THE National League for Democracy (NLD) secured the magic 329 seats required to hold a majority in national parliament today, officially enabling the office once described as a “cowshed” to wrest power away from the military backed government in Burma (Myanmar).
With almost 90 percent of seats now declared, Aung San Suu Kyi and the NLD have the two-thirds required to control parliament and choose the president. The result officially ends decades of military rule.
In 2011 in a BBC radio address Suu Kyi likened her party headquarters to having “a ramshackle rough-hewn air of a shelter intended for hardy folk” that was full of “ordinary looking people”.
In the not too distant past even the boldest of supporters or the odd tourist crept quietly past its modest doors and “ordinary” leaders just as they were censored, confined, beaten and imprisoned. Locals living right outside its doors have also described to Asian Correspondent the periods when they would lock their doors in fear and only emerge with white flags in hand.
Since the Sunday elections however, in the more open climate that is modern day Burma, they have come in their thousands with cars and red flags as television screens and loudspeakers have broadcast the desire of a people to be free of an oppressive and authoritarian system.
English language consultant, Melody, who has been in Yangon since 2005, has spent numerous evenings outside the NLD headquarters over the past few days. She said the experience had given her a palpable “sense of something coming to fruition that had been planted in people’s hearts many years ago”.
For Suu Kyi and her “ordinary” people that dream has been a long time in the making. And while the NLD’s once young dissidents have aged and lines now mark their faces, including that of their ever youthful looking leader, the passion for the cause does not seem to have cooled.
And with a population that Suu Kyi herself told the BBC this week was far “more politicised”, it may be they are banking on more youthful participants amongst their members, although they have already announced that there is fresh blood in their ranks.
The Sea Globe reports:
“The party claims 12% of its candidates are under 35 years of age and that another 40% are aged between 35 and 50. …
“(But) by the next national election in 2020, she (Suu Kyi) will be 75 years of age, and it is far from clear who will replace her once she leaves active politics. This is reflected more broadly in the party’s greying upper ranks. Tin Oo, the party’s emeritus chairman and one of Suu Kyi’s closest allies, is 88; Nyan Win, the party’s long-time spokesman, is 72; Win Tin, the famous dissident journalist who co-founded the NLD, died in 2014 at the age of 84.”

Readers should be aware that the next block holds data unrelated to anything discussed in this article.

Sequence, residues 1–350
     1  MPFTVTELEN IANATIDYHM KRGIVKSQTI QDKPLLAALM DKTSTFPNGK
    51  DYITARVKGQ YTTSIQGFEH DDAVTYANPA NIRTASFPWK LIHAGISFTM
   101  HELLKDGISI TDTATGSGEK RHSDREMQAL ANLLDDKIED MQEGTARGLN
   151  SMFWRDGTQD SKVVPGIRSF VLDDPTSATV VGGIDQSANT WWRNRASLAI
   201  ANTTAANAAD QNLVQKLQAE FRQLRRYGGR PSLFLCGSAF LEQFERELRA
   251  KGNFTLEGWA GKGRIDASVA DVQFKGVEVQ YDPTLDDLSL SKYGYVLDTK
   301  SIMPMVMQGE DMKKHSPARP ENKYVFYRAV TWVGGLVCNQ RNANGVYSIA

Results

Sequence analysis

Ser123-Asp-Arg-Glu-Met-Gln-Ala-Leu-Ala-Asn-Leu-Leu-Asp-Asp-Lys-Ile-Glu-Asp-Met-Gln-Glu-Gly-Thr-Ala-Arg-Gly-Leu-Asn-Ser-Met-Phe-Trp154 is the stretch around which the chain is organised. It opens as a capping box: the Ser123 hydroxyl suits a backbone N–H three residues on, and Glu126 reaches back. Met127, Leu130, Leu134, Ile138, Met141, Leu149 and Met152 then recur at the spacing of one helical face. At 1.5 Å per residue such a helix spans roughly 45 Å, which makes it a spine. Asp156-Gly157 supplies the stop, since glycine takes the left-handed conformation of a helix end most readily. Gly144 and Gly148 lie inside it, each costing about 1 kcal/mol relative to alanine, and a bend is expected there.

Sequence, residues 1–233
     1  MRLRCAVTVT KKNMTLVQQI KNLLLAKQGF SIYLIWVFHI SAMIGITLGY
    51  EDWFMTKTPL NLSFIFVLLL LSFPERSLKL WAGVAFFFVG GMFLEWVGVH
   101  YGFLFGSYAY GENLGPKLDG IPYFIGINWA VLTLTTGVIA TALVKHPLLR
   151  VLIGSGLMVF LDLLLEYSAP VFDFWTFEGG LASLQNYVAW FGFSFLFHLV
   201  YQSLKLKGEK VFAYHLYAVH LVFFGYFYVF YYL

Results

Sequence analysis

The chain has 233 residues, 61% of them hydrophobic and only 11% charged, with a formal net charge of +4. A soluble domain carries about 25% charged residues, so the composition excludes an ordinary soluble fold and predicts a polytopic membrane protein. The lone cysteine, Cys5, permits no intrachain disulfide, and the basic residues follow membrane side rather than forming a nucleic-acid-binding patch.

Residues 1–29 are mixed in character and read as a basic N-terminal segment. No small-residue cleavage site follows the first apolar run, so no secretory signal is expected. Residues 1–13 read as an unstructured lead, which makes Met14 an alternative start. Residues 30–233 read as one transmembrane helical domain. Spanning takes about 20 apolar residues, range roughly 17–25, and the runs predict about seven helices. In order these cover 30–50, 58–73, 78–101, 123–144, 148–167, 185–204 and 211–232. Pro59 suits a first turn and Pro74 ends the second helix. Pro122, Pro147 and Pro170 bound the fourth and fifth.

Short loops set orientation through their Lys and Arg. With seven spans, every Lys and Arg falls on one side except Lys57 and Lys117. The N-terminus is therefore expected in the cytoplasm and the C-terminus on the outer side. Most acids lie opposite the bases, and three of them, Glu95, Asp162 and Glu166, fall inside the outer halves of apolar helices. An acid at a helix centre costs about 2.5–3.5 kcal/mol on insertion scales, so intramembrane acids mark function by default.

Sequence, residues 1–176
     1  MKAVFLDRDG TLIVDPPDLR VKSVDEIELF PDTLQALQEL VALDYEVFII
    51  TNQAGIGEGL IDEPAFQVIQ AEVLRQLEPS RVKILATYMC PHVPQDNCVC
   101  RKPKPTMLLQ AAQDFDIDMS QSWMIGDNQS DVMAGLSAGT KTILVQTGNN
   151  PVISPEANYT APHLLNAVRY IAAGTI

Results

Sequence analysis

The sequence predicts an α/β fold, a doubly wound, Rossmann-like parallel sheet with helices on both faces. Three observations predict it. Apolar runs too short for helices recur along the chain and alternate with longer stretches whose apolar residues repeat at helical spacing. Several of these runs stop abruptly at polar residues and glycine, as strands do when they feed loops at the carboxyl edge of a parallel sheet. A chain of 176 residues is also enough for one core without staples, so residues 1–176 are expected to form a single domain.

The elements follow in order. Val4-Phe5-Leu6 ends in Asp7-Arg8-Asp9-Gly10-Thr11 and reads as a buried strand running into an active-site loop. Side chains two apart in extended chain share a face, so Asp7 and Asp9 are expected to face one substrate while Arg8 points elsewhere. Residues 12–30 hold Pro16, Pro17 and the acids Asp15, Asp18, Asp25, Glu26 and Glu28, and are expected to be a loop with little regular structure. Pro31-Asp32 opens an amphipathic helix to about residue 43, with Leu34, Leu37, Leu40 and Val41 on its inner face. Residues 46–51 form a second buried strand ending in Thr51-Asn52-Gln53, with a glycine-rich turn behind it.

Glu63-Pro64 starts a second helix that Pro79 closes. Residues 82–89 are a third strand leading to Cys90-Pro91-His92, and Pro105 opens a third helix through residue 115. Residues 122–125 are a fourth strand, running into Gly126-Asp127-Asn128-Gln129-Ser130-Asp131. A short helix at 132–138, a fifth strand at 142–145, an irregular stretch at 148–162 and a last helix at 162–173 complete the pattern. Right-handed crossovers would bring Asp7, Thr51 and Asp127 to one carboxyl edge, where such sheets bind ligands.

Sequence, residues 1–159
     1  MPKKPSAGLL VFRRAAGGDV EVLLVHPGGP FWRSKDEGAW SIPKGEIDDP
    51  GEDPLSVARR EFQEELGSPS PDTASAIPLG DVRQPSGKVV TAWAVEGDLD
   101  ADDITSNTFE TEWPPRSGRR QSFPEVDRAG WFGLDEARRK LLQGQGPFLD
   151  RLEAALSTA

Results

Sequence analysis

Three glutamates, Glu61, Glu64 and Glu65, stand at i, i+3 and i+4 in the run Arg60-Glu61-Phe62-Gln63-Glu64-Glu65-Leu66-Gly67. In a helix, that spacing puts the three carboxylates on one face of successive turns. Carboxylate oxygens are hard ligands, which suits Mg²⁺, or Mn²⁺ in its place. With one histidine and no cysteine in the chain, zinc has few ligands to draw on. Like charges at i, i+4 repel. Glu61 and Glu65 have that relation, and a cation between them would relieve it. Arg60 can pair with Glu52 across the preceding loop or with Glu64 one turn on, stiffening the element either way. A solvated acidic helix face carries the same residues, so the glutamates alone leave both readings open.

Along with the need for youthful blood and a possible replacement for Suu Kyi, there has also been much commentary on the changes needed in Burma for lasting change and the possible disenfranchisement that may come to bear should this not be realised.
Melody said the greatest challenge for the nation will be the corporate responsibility needed to carry the dream through to completion.
“It is not just the government’s responsibility it is everyone’s responsibility … to be part of the change they are longing to see from cleaner streets (don’t spit, drop rubbish) to healing and reconciliation between the many tribal groups. Will they overcome the institutional prejudice that exists to begin to honour one another and listen to one another?”
Whatever lies ahead for the NLD and the nation, it seems one of the first priorities is getting the “cowshed” in order – the current HQ is being replaced by a new tall building. As building work goes forward with new architects, the building itself seems a metaphor for a nation under construction.
And as Suu Kyi and the NLD prepare to run the nation from the newly vamped cowshed, it’s worth noting that the Reith lecture in which she first made that reference was recorded in secret and smuggled out of the country in 2011. While much has changed in those four years, her words about the potential for lasting change from such humble beginnings do not.
“Since this remark is usually made with a sympathetic and often admiring smile, we do not take offence,” Suu Kyi said about the cowshed reference. “After all, didn’t one of the most influential movements in the world begin in a cowshed?”